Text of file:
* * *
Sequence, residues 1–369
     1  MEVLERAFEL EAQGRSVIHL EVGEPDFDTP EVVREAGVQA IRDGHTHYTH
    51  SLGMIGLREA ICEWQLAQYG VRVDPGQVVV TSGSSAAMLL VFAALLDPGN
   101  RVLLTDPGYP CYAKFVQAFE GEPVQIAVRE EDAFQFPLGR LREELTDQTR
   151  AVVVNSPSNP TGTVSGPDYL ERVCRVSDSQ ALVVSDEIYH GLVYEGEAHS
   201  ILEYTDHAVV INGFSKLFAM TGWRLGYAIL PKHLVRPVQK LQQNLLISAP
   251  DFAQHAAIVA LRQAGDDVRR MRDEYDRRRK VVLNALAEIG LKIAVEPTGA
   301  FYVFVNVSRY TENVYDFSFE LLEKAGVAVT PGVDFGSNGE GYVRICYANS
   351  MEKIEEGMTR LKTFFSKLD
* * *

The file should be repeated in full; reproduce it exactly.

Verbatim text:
Sequence, residues 1–369
     1  MEVLERAFEL EAQGRSVIHL EVGEPDFDTP EVVREAGVQA IRDGHTHYTH
    51  SLGMIGLREA ICEWQLAQYG VRVDPGQVVV TSGSSAAMLL VFAALLDPGN
   101  RVLLTDPGYP CYAKFVQAFE GEPVQIAVRE EDAFQFPLGR LREELTDQTR
   151  AVVVNSPSNP TGTVSGPDYL ERVCRVSDSQ ALVVSDEIYH GLVYEGEAHS
   201  ILEYTDHAVV INGFSKLFAM TGWRLGYAIL PKHLVRPVQK LQQNLLISAP
   251  DFAQHAAIVA LRQAGDDVRR MRDEYDRRRK VVLNALAEIG LKIAVEPTGA
   301  FYVFVNVSRY TENVYDFSFE LLEKAGVAVT PGVDFGSNGE GYVRICYANS
   351  MEKIEEGMTR LKTFFSKLD